Joshua Lederberg was born in Montclair NJ, near New York, the son of Rabbi Zwi H. and Esther Goldenbaum Lederberg, recently emigrated from Israel, on May 23 1925. He was educated in New York. After a period of study at Columbia P&S medical school, where he began his life-long research in molecular biology, he received his Ph.D. in microbiology at Yale. Then he served as professor of genetics at the University of Wisconsin, then at Stanford School of Medicine, before coming to the Rockefeller in 1978. His life long research, for which he received the Nobel Prize in 1958 (at the age of 33), has been in genetic structure and function in microorganisms. He has been actively involved in artificial intelligence research (in computer science) and in the NASA experimental programs seeking life on Mars. He has also been a consultant on health-related matters for government and the international community, e.g. having had long service on WHO’s Advisory Health Research Council. He received the US National Medal of Science in 1989, where his consultative role was specifically cited. He has been a member of the National Academy of Sciences since 1957, and a charter member of its Institute of Medicine, has served as Chairman of the President’s Cancer Panel, and of the Congress’ Technology Assessment Advisory Council, as well as on numerous other consultative panels. From 1978 to 1990, he served as president of the Rockefeller University. He continues his research activities there in the field of interactions of gene functionality and mutagenesis in bacteria. His current station there is Sackler Foundation scholar and professor-emeritus of molecular genetics and informatics. His wife Marguerite Stein Lederberg was born in Paris, was educated as a physician in the U.S. and now serves as Clinical Professor of Psychiatry at Memorial Sloan Kettering Cancer Center in New York. They have two children, David Kirsch and Anne Lederberg.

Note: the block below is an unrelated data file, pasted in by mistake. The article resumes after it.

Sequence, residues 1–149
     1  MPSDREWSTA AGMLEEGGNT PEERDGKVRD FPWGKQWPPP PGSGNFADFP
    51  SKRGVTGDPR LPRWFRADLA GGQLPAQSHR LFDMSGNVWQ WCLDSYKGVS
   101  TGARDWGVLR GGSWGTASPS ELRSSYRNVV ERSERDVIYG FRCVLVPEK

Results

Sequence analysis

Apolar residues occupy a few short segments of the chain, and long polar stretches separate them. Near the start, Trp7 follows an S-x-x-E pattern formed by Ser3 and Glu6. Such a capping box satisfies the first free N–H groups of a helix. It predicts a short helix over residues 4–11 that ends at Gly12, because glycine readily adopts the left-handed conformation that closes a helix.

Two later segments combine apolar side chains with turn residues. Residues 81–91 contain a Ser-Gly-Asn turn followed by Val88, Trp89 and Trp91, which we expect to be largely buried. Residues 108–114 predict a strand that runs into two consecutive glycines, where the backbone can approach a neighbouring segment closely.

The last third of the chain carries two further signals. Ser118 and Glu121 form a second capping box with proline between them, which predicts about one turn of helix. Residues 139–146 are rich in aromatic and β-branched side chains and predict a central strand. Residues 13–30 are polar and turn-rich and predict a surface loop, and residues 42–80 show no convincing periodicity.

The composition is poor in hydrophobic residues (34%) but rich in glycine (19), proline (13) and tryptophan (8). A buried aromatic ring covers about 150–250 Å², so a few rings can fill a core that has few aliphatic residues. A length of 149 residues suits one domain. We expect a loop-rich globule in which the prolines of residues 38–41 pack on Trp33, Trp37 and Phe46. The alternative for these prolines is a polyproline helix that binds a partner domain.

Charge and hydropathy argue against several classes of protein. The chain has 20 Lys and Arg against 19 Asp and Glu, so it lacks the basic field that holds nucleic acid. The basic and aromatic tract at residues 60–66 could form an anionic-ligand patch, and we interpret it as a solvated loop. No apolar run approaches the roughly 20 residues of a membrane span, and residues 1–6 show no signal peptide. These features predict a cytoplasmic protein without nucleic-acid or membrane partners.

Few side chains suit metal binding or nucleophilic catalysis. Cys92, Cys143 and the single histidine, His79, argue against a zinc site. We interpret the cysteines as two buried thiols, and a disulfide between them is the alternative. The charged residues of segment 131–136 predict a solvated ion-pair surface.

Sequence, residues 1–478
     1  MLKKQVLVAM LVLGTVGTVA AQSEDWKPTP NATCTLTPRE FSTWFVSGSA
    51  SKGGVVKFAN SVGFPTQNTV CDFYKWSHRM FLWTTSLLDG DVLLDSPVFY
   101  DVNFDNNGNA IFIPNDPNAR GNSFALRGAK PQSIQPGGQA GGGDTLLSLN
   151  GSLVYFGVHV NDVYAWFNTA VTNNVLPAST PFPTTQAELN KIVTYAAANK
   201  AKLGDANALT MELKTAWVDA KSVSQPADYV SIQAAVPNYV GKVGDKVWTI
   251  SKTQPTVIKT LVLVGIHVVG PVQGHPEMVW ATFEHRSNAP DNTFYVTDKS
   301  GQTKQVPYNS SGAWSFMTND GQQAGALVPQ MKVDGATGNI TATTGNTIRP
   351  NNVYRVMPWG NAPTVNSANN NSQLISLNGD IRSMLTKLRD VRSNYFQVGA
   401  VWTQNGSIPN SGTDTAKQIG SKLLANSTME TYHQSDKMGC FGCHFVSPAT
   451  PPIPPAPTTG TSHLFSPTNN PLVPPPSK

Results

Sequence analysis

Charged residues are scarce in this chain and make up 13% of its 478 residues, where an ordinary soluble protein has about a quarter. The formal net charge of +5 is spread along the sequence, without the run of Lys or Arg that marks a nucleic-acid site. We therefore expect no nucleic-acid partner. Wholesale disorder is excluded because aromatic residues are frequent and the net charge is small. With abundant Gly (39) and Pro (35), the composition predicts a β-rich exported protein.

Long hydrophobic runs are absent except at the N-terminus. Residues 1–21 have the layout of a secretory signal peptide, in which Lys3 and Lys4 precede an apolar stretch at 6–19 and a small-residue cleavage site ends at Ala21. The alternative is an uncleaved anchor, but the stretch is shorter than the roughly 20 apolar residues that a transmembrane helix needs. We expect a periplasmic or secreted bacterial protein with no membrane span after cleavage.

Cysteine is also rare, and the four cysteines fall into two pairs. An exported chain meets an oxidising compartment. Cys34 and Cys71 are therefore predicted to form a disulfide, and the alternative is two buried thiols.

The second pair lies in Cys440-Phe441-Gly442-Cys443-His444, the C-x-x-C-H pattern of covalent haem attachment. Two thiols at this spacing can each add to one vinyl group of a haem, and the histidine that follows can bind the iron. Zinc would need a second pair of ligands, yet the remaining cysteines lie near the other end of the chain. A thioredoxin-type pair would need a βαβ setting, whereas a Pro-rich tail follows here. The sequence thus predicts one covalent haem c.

The Joshua Lederberg Papers at the U.S. National Library of Medicine